Strong marketing skills are important for a successful farm. This article will describe a decision process that can be used to help make grain-marketing decisions.
For an introduction to the topic see "Developing a Marketing Plan for Your Crops" on our YouTube channel.
Why Use a Decision Grid?
Farmers are faced with more pricing and marketing alternatives than ever before. Should they spot price? Hedge? Forward contract? Lock in basis? There are many alternatives available, and properly used they can help manage price risk. However, farmers must know when and how to use each one.
There are a considerable number of pricing and delivery alternatives for marketing crops on the open market. Farmers must assess all of these marketing alternatives to make sound crop marketing decisions. Marketing alternatives and signals may be different when making marketing decisions about binned crop (where you have full information) and crop that's still growing in the field (where there is still uncertainty about yield, quality, and grade).
The market decision processes presented in this article can be applied to all crops that use futures markets for price discovery.
The Decision Grid
The decision grid helps to analyze prices and breaks these prices down to their component parts – futures and basis.
The futures price is the price that is traded on futures markets. A strong futures price is one that is high or higher than expected under current circumstances. This doesn't mean the futures price is at, near, or above historical highs.
The basis is the difference between the near futures price and the local cash price. A strong (narrow) basis means the cash price is high relative to the futures market. This usually means local supplies are limited or that local demand is strong. A weak (widening) basis means the cash price is low relative to the futures market. This signals weakening local demand or over supply in the local market.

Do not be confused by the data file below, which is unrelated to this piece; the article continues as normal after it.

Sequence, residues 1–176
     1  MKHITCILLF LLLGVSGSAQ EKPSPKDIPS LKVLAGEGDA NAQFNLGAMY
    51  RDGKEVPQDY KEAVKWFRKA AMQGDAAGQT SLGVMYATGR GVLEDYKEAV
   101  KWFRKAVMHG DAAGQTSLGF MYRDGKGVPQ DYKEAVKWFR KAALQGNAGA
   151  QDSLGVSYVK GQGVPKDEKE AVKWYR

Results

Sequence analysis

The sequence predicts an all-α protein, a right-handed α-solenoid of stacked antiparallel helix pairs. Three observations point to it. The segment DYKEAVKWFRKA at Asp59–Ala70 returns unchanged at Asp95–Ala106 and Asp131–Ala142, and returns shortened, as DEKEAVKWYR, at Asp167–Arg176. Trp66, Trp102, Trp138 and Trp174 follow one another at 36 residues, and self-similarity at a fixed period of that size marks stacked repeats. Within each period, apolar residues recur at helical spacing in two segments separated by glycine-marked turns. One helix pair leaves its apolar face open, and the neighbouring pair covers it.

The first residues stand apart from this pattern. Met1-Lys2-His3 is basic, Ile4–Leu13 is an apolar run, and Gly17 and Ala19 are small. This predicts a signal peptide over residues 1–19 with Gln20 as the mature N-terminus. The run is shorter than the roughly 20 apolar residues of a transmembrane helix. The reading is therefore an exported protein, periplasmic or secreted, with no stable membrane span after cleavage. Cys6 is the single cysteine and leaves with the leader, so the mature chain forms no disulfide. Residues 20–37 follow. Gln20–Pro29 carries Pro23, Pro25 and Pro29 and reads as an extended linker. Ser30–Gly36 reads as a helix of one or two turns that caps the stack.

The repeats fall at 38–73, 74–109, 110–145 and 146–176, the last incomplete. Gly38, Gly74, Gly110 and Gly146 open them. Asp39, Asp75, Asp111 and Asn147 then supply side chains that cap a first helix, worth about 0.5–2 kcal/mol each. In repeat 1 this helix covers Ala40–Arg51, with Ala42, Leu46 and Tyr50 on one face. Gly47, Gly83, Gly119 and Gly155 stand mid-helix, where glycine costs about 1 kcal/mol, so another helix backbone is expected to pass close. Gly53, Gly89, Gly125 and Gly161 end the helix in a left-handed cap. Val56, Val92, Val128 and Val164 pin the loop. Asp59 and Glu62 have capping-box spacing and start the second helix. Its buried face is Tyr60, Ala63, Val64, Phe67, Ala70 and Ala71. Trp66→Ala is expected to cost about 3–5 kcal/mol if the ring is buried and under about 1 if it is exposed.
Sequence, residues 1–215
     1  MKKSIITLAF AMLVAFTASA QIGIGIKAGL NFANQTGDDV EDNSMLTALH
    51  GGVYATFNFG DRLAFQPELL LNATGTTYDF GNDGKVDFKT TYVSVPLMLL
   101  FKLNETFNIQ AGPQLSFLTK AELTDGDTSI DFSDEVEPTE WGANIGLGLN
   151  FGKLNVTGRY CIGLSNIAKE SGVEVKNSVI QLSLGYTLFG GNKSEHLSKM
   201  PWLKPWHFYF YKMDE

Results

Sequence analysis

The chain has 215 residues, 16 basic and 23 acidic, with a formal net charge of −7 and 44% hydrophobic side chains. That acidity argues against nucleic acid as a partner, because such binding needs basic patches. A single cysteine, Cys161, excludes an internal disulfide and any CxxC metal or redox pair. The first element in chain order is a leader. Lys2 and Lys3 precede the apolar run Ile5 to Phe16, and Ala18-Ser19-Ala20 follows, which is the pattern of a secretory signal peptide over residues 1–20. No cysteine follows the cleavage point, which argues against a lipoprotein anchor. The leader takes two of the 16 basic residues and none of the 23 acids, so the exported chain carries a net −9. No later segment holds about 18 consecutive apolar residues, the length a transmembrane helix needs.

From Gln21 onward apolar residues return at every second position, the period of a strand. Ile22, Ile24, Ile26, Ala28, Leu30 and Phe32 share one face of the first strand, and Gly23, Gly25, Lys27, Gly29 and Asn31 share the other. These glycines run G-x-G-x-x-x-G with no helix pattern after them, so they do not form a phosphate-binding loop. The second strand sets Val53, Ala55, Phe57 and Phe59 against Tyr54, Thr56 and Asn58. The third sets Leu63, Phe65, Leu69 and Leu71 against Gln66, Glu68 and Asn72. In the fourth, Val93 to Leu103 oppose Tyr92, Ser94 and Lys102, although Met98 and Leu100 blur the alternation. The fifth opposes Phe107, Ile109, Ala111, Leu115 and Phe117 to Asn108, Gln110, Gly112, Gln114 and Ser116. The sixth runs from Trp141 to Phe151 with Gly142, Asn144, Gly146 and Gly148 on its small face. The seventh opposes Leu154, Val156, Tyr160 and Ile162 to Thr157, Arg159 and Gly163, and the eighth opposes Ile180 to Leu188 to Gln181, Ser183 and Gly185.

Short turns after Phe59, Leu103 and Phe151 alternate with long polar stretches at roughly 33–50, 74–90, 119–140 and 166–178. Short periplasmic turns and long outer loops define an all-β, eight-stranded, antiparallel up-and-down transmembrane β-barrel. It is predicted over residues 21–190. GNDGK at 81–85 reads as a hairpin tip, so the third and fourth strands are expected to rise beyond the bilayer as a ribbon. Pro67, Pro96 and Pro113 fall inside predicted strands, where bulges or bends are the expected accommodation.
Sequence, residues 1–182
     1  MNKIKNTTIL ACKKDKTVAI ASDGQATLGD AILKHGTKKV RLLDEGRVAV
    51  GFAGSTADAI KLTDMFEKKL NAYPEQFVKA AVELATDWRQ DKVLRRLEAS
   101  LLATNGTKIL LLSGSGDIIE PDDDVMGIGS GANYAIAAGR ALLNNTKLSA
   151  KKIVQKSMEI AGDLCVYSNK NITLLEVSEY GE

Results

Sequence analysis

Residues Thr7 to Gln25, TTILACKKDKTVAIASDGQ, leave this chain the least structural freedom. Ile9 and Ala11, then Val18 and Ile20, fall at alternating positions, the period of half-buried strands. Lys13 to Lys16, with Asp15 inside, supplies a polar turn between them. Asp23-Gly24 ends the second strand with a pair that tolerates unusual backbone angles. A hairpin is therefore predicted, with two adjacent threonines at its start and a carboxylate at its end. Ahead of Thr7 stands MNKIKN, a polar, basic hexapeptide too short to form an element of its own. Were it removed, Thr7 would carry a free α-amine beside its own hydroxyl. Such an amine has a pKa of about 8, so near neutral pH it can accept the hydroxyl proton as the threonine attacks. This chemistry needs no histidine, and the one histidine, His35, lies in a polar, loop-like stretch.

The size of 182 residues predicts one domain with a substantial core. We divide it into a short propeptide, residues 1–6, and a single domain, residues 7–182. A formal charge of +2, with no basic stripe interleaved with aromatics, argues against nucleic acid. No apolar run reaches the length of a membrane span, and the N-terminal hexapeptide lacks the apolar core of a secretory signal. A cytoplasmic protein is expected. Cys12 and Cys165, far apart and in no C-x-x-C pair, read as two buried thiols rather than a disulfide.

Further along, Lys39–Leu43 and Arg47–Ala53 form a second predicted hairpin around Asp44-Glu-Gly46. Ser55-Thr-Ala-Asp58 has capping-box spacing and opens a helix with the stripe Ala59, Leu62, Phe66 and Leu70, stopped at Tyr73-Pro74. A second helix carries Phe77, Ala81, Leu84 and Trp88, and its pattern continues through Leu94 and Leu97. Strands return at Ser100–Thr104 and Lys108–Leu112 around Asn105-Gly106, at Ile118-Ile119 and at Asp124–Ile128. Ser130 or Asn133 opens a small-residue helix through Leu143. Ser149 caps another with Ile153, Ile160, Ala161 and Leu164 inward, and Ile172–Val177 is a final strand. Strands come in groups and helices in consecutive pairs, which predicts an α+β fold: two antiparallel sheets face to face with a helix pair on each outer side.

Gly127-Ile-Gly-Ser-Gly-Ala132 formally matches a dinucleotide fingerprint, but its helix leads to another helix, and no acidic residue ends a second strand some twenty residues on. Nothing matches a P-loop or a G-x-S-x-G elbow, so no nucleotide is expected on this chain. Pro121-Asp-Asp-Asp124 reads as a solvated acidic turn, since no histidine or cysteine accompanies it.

As a marketer develops experience over time, they are able to determine what are historically strong or weak futures prices and basis. This decision grid can be used to choose your marketing tools based on what you expect to happen with the futures price and basis.
First let's look at the decision grid, starting with 'strong futures, weak basis.' This is a signal to take action on the strong futures price and to wait for better basis. One way to do this is to sell deferred futures and store your grain. A second way to do this is to buy a put option, which sets a minimum price at which you may sell your grain. Brokers charge a premium on the purchase options, so you only make a net gain if prices go down more than you paid for the option.
Now, let's look at 'strong futures, strong basis.' This is a signal to price cash grain or sign a deferred delivery contract to lock in the good basis and futures price.
Next, let's look at 'weak futures, weak basis.' This scenario often occurs right after harvest, when many farmers are looking to sell and storage may be filling up. This is a signal to store your grain and keep a close eye on the markets for opportunities. Wait for basis and futures price to improve.
Finally, let's look at 'weak futures, strong basis.' If futures prices are lower than expected, but local buyers are still bidding on deliveries, basis may be strong. A good approach here is to sell your grain for cash prices to take advantage of the strong basis. While selling grain you can also purchase futures or a call option to take advantage of any rally in the futures price. Alternatively, you could sign a basis contract to lock in the favourable basis price. Finally, waiting it out is always an alternative.
They key to making solid grain marketing decisions is keeping informed. Having a marketing plan with reasonable profit targets means you can capitalize on marketing opportunities when they arise.